As details of Barak’s various proposals have been revealed, it has become evident how the Beilin-Abu Mazin document influenced them. From proposed Israeli withdrawals in the West Bank and Gaza, to matters dealing with Jerusalem and the future of Palestinian refugees, one can see the marks left on the Israeli proposals by the earlier document. According to the Beilin-Abu Mazin understanding, Israel offered to relinquish up to 94 percent of the West Bank; however, the document is vague on the calculations used, nor does it clearly state which parts of the Palestinian territories are to be permanently annexed to Israel. Abu Mazin’s team concurred that the new state of Palestine, to be established on evacuated lands presently occupied by Israel, would have to be “demilitarized.” Also, Palestinian negotiators acquiesced to the demand that Israeli forces, including three reinforced battalions, must be stationed along the West Bank of the Jordan River “within agreed military compounds,” and that three Israeli early warning stations and three air defense units would be maintained for 12 years (until May 2007).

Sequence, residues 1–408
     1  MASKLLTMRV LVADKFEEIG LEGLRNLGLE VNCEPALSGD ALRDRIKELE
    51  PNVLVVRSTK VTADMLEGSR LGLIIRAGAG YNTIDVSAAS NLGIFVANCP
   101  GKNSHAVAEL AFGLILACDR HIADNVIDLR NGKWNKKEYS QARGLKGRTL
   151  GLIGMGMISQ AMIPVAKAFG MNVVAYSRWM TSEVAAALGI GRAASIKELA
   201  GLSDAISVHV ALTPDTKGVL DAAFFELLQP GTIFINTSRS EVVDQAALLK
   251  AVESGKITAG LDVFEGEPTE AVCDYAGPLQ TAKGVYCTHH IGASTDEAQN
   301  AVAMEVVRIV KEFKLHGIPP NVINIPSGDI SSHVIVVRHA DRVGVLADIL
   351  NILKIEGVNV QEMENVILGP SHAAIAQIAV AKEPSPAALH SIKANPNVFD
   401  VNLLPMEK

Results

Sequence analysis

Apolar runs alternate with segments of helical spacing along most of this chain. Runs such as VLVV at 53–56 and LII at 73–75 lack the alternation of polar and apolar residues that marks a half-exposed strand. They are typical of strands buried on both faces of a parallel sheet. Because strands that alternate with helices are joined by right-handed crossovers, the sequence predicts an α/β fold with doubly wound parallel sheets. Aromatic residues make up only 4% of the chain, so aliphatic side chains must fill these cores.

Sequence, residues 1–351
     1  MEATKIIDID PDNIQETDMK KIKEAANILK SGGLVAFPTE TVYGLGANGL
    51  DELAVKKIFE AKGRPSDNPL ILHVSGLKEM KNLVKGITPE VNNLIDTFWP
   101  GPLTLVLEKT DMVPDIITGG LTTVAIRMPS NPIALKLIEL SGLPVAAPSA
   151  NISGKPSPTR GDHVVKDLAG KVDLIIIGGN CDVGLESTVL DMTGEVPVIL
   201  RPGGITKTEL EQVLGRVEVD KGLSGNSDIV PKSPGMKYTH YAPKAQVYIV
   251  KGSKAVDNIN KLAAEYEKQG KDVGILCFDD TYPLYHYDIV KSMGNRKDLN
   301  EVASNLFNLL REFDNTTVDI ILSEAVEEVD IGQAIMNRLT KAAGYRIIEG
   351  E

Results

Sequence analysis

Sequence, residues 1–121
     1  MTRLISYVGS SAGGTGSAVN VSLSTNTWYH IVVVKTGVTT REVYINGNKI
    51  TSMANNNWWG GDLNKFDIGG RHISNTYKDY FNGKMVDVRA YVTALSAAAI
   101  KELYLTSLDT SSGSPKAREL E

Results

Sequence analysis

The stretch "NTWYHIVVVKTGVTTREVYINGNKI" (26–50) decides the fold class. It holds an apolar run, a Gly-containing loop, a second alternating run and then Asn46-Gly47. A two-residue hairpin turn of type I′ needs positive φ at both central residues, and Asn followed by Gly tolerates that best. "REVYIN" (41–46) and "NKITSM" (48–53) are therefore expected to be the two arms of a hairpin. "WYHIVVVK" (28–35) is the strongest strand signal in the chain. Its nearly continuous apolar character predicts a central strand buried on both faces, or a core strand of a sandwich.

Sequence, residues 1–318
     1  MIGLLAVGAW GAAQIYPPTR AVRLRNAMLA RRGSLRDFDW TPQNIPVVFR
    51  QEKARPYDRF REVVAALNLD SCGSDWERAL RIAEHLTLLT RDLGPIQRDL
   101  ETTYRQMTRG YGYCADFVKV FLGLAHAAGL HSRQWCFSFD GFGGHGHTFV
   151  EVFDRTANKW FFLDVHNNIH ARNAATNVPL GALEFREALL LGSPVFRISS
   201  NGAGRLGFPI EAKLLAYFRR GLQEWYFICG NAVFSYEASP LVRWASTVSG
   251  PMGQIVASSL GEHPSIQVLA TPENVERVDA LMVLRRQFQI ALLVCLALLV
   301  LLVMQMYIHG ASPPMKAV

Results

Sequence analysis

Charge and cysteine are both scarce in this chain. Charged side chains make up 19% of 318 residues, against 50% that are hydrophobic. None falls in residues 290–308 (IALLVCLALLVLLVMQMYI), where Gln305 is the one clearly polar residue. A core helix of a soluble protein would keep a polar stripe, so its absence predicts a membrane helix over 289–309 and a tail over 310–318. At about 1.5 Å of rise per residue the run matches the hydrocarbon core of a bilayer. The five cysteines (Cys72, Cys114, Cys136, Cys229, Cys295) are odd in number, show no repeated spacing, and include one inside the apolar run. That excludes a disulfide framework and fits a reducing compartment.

Although the 12-year period sounds finite enough, there is nothing definite about the language in which this particular provision is couched: “Three Early Warning Stations and three Air Defense Units . . . will be maintained until May 5, 2007 or until peace agreements and bilateral security arrangements between Israel and the relevant Arab parties are attained, whichever comes last.” Naturally, Syria may be defined as a relevant party, but what about Iraq or Libya? What if neither country ever felt compelled to conclude the said “peace agreements and bilateral security arrangements with Israel”? Are the Palestinian people then expected to mortgage their independence and sovereignty? Additionally, should those Arab countries whose policies are not fully in accordance with Israeli wishes feel responsible for holding back Palestinian national aspirations?